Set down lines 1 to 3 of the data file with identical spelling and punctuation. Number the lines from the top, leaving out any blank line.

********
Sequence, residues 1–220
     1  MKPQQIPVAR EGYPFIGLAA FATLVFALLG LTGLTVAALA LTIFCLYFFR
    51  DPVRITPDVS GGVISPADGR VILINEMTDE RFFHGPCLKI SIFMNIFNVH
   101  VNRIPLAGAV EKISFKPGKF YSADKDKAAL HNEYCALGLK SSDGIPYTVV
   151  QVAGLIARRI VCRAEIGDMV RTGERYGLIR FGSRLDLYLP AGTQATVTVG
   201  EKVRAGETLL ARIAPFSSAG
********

Sequence, residues 1–220
     1  MKPQQIPVAR EGYPFIGLAA FATLVFALLG LTGLTVAALA LTIFCLYFFR
    51  DPVRITPDVS GGVISPADGR VILINEMTDE RFFHGPCLKI SIFMNIFNVH